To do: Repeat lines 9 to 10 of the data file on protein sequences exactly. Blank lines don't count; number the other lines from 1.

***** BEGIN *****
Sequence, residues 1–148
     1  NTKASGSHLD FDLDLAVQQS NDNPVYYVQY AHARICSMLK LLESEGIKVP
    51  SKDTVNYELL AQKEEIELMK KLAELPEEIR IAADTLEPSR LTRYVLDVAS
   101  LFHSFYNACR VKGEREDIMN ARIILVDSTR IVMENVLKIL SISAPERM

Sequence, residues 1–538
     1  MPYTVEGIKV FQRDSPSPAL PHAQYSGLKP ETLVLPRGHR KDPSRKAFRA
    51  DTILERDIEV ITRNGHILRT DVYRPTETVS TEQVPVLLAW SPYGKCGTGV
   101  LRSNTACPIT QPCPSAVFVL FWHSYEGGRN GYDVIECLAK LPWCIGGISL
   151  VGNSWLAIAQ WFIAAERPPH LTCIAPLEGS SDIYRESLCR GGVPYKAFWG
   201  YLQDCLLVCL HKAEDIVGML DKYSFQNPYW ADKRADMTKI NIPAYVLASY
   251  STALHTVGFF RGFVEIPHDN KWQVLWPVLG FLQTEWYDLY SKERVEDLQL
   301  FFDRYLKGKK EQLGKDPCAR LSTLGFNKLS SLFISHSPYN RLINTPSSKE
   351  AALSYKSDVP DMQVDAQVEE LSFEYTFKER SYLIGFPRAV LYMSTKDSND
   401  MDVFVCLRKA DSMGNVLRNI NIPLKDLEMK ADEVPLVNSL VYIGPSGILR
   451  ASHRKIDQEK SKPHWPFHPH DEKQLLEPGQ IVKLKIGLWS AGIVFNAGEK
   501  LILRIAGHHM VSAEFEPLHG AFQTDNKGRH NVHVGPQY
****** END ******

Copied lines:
   151  VGNSWLAIAQ WFIAAERPPH LTCIAPLEGS SDIYRESLCR GGVPYKAFWG
   201  YLQDCLLVCL HKAEDIVGML DKYSFQNPYW ADKRADMTKI NIPAYVLASY